Conduct Codes need Consequences

Conduct Codes need Consequences

Learnings from global Grocery Code experience.

Much has been written about the Australian Government Interim Review on Grocery retail buyer’s Code of Conduct, published April 2024. Discussions have covered issues like price-gouging and market concentration which, although important, are not directly related and risk overshadowing the debate on the Grocery Code in Australia. Focus must remain on the primary purpose of the code, which is to foster fair play in negotiations between retailers and suppliers.

The findings of the Australian Interim Review shed light on critical shortcomings within the Australian Grocery Retail Code of Conduct, particularly its lack of consequences (there are no powers to fine for breaches) and the ability of retailers to override code clauses through individual supplier agreements. This latter issue is not unique to Australia; similar challenges exist in other jurisdictions, including the UK, often hailed as the gold standard code. However, when power imbalances and fears of retribution lead to suppliers being coerced into unfair agreements, it undermines the very principles the code aims to uphold.

The voluntary nature of the code has been raised as a potential weakness, but I would cite the ability of retailers to leverage waiver clauses in their supply agreements with suppliers as more concerning. New Zealand’s decision to adopt elements of the Australian ACCC code while incorporating additional provisions demonstrates a proactive approach to regulating the grocery sector. By making the code mandatory for designated retailers and prohibiting the waiver of its clauses in supply agreements, New Zealand is prioritizing fairness and accountability in the industry. 

The lack of an independent complaint procedure, and concerns about potential retribution have hindered the full engagement of grocery suppliers with Australia’s Code of Conduct since its inception in 2015. This environment creates a reluctance among suppliers to openly engage with the code or to escalate breaches for fear of repercussions. The appointment and employment of Code Arbiters by the retailers themselves further raises questions about impartiality and independence.

While the code itself may not solve all supplier problems, it can serve as a valuable tool to aid savvy suppliers who have skilled account managers, trained to leverage its provisions. These individuals can navigate the complexities of the code and use it to their advantage in negotiations with retailers. Suppliers should stop enabling retailers in circumventing code provisions, critically refusing to sign supplier agreements that undermine the code’s principles. 

The climate of fear among suppliers in Australia, where mentioning the code could potentially lead to retribution, remains a significant barrier to effective engagement with the Grocery Code. Overcoming this fear requires creating incentives for retailers to genuinely care about observing the code and treating suppliers fairly.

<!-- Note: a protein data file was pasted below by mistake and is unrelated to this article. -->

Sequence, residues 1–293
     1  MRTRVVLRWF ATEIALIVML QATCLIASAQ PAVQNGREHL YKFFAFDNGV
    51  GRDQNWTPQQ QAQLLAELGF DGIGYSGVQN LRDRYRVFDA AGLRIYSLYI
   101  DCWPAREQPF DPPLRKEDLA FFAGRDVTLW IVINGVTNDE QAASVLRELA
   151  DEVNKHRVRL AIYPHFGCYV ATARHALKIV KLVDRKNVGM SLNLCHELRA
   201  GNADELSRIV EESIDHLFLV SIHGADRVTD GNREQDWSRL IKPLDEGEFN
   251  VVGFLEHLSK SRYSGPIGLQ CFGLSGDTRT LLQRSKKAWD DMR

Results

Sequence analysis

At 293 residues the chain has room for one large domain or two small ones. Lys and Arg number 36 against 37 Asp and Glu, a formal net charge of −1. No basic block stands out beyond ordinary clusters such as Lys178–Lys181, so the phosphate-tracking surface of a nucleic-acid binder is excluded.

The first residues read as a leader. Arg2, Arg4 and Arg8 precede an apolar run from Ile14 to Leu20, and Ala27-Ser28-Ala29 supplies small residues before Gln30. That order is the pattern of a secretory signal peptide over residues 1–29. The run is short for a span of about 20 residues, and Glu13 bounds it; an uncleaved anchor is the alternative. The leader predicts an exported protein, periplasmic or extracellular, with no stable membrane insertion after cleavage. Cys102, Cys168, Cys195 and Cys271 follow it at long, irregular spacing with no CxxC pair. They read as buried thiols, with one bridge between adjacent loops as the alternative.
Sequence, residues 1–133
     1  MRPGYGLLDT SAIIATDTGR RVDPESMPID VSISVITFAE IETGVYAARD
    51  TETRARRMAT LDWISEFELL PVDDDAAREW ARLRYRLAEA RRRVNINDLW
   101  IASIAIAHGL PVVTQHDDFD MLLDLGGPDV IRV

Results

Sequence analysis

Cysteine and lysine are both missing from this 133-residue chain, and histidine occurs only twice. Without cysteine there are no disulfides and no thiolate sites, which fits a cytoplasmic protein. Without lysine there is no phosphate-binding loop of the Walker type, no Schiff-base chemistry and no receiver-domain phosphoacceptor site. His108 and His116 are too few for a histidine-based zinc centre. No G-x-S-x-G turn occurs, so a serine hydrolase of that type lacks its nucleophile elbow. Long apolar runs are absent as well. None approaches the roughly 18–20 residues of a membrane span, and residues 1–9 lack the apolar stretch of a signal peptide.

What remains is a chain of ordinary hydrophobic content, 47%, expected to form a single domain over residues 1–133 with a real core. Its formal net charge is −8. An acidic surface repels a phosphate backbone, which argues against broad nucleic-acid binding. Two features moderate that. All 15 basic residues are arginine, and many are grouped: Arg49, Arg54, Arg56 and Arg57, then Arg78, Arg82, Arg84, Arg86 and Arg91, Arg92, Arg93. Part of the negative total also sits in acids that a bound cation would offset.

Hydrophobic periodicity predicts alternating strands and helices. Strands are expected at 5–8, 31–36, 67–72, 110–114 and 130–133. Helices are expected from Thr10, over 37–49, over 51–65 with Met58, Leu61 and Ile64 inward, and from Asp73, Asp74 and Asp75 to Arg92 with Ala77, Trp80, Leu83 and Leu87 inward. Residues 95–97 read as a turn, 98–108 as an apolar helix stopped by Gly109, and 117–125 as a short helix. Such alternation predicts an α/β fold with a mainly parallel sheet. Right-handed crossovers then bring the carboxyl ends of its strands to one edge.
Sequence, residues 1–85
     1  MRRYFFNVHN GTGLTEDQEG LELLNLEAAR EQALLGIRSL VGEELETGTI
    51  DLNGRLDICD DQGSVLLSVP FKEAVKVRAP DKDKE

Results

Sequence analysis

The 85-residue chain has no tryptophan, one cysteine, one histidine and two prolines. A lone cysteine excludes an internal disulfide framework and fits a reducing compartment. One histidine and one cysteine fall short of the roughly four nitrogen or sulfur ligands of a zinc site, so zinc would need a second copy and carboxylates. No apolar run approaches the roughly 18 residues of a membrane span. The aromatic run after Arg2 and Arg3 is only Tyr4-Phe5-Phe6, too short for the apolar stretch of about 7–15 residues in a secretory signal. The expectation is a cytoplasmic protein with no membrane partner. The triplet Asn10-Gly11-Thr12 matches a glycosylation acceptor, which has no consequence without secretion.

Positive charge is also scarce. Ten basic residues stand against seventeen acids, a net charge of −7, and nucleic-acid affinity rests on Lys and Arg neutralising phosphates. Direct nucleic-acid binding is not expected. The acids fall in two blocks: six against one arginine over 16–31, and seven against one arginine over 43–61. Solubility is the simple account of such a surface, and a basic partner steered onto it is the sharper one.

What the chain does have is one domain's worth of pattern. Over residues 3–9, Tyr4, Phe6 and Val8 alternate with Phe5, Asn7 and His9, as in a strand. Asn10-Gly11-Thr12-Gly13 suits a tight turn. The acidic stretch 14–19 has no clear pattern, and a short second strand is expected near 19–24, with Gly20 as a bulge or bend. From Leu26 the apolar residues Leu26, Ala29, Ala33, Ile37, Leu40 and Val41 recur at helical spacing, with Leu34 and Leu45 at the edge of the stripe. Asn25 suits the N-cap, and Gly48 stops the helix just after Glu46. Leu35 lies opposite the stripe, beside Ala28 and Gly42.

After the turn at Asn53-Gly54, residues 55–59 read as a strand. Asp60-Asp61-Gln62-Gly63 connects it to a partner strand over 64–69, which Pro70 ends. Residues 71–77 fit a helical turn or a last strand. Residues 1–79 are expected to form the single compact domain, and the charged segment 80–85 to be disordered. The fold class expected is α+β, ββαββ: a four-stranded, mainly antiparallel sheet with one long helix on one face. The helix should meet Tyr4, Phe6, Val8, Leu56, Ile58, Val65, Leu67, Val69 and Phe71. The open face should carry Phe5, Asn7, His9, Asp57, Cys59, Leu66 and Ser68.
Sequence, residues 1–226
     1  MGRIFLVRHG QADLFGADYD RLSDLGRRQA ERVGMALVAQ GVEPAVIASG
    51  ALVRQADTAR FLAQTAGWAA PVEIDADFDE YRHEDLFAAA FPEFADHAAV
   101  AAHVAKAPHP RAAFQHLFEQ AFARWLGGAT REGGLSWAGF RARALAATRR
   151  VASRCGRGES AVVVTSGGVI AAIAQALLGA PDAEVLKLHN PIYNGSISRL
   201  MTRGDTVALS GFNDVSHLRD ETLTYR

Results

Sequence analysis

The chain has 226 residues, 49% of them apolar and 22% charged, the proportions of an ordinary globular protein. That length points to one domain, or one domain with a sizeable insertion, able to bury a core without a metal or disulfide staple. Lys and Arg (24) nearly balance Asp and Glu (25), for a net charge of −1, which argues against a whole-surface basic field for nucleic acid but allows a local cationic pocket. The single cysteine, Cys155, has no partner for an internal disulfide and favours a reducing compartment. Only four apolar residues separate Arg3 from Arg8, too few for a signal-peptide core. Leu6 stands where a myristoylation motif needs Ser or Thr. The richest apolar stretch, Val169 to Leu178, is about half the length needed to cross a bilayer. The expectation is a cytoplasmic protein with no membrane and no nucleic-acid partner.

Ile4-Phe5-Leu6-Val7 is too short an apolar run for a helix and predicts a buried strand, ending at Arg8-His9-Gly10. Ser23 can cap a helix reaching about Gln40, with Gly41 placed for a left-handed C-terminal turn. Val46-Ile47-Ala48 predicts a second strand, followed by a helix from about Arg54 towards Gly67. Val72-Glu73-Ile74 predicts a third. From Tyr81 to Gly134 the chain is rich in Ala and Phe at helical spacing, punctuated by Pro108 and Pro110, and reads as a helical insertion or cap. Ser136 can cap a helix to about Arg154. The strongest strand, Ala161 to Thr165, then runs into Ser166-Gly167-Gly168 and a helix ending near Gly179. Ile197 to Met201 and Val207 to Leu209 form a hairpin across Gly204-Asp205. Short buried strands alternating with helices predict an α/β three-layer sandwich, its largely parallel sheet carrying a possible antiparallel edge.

Experience from other markets, including the UK demonstrates how a combination of factors drives retailers to prioritise compliance with code provisions. 

Public Relations (PR): Creating awareness and understanding among retailers about the importance of fair and transparent practices in the grocery supply chain can highlight the benefits of compliance, as well as the risks of adverse coverage.

Fines: Meaningful penalties for non-compliance can serve as a deterrent and incentivize retailers to adhere to the code. The power to fine should be proportionate to the severity of the violation and applied consistently to ensure accountability across the industry. In Australia, the recent interim review has recommended penalties for serious breaches of the greatest of either $10,000,000, or 10% of retailer annual turnover, or x3 the benefit they gained from the breech, any of which would certainly focus thinking in buying offices across the market.

Positive Motivation: Providing positive incentives for retailers to comply with the code can further encourage participation and engagement with suppliers who are keen to invest in genuine category growth, insight driven opportunities.

Sentinel’s three top tips for suppliers to leverage a Grocery Code or pre-Code environment:
  1. Recognise the breech. Understanding the key clauses of the Grocery Code does not require you to be a legal expert, but it is crucial for effectively navigating negotiations and ensuring compliance. 
  2. React to disarm the breech. Asserting your understanding of the Grocery Code during negotiations is key to securing favourable outcomes. Demonstrate your knowledge of the Code and willingness to invoke key clauses to strengthen your negotiating position.
  3. Restore the business mood. maintaining a focus on bottom-line performance is crucial for both suppliers and retailers. Do not let code breaches erode trust and communication – find a resolution, move on, and get back to building business. 

Sentinel Management Consultants’ global presence and specialized expertise in navigating the complexities of codes of conduct, particularly in the UK and Australia. With their extensive experience and commitment to empowering suppliers, they offer tailored insights and resources to help businesses thrive in competitive markets. Contact us today to discuss how we can assist.

Editorial Credit:
Coles – Nils Versemann /
Woolworths – Daria Nipot /

Sentinel Management Consultants deliver sales, negotiation, planning and finance training courses for our clients worldwide.